London News & Search
London’s slice of a big provincial pie to fix up social housing remains a mystery, days after the province announced there’s $657 million up for grabs, half of it going to Toronto.
The public housing agency that provides homes for more than 5,000 low-income Londoners, the London and Middlesex Housing Corp. (LMHC), is facing a projected $223-million bill for needed fixes to its housing during the next five years.
But so far, city hall has heard nothing about provincial money.
“We have heard nothing with regards to London or other Southwestern Ontario communities,” David Purdy, the city’s manager of housing services, said Tuesday.
“We are in a waiting game, just like everyone else.” he said.
The need is definitely there.
Josh Browne, the chief executive of the LMHC, has warned some of the agency’s rental units may have to be shut down if they can’t be maintained.
There’s also no guarantee the provincial funding can be funnelled into all the needed repairs.
The money is coming from the province’s cap and trade program to reduce climate-changing greenhouse gas emissions and is targeted at energy-efficient heating, lighting retrofits, window replacements, high efficiency appliances and improved insulation.
That criteria may cover some of the upgrades in LMHC units, but not others such as repairs to elevators or plumbing.
The city, which funds the LMHC, would get the provincial money but it would flow though to the LMHC and other groups which manage and maintain social housing in the city. Purdy said he’s waiting for details on which agencies can get the money and what repairs are covered.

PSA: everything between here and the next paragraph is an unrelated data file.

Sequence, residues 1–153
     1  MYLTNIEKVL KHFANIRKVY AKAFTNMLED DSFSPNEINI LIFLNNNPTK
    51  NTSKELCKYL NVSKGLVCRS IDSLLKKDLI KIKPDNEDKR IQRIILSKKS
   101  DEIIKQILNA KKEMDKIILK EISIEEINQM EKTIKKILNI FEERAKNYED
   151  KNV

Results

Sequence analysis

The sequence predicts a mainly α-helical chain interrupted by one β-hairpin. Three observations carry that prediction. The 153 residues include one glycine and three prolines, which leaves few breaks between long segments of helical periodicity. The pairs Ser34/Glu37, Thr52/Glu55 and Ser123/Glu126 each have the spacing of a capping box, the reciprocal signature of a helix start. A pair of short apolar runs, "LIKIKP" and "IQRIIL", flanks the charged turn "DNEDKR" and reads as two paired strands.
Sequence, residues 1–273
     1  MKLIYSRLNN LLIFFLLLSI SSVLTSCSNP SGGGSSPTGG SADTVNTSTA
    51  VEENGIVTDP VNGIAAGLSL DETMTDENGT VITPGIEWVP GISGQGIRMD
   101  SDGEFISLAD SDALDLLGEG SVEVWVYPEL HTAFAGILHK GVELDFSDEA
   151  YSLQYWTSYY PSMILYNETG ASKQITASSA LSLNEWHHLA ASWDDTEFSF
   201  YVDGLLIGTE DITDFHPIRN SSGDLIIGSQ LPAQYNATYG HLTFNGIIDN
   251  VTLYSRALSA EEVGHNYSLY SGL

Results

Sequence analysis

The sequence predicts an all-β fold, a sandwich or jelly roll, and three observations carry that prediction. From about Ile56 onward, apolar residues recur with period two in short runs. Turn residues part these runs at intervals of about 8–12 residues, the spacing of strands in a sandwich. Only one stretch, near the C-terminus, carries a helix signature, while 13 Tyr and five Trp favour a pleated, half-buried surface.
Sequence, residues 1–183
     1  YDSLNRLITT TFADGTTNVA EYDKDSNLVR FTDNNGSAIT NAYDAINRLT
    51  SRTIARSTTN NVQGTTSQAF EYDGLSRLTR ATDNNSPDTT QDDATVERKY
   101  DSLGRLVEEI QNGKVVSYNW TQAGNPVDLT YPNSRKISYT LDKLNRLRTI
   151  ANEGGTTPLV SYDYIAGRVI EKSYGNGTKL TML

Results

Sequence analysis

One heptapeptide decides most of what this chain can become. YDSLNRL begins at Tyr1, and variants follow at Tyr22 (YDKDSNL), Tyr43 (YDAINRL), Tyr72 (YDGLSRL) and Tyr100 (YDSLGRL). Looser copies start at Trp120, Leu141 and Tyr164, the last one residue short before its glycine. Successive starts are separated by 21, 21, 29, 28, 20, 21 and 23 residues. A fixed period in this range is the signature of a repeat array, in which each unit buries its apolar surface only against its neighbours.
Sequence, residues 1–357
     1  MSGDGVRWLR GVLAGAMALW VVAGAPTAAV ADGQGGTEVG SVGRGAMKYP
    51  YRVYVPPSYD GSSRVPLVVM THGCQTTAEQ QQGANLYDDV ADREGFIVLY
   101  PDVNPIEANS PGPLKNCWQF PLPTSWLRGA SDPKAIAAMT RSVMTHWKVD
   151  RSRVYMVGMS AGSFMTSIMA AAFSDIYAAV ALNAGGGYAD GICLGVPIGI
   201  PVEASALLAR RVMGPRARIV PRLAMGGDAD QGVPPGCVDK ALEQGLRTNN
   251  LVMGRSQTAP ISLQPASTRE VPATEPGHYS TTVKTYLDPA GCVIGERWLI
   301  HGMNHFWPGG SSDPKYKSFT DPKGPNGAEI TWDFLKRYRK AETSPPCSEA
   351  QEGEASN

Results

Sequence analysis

“We don’t know the guidelines or rules, so we don’t know the opportunities,” said Purdy.
Myriam Denis, a spokesperson for Housing Minister Peter Milczyn, said the ministry plans to release more details.
“We’ll be sharing more information about what this funding means for communities across the province in the weeks ahead,” she wrote in an emailed statement to The Free Press.
The province’s decision to dole out half of the money to Toronto was seen as an olive branch to Mayor John Tory after Premier Kathleen Wynne’s Liberal government blocked his proposal to charge tolls on the Gardiner Expressway.
New Democrat MPP Peggy Sattler of London said voters should expect more “Toronto-centric” announcements in the run-up to the next provincial election, due by June 2018, as the Liberals try to bolster their fortunes in the Greater Toronto Area (GTA).
“We will see more announcements focused on shoring up GTA seats. I don’t think they see much opportunity to pick up seats in the rest of the province,” said the London West MPP.
Sattler said the delay in announcing funding for London is frustrating because of the urgent need.
“Every meeting I have with the city officials, they identify the quality of our social housing stock as a top priority.”
London News & Search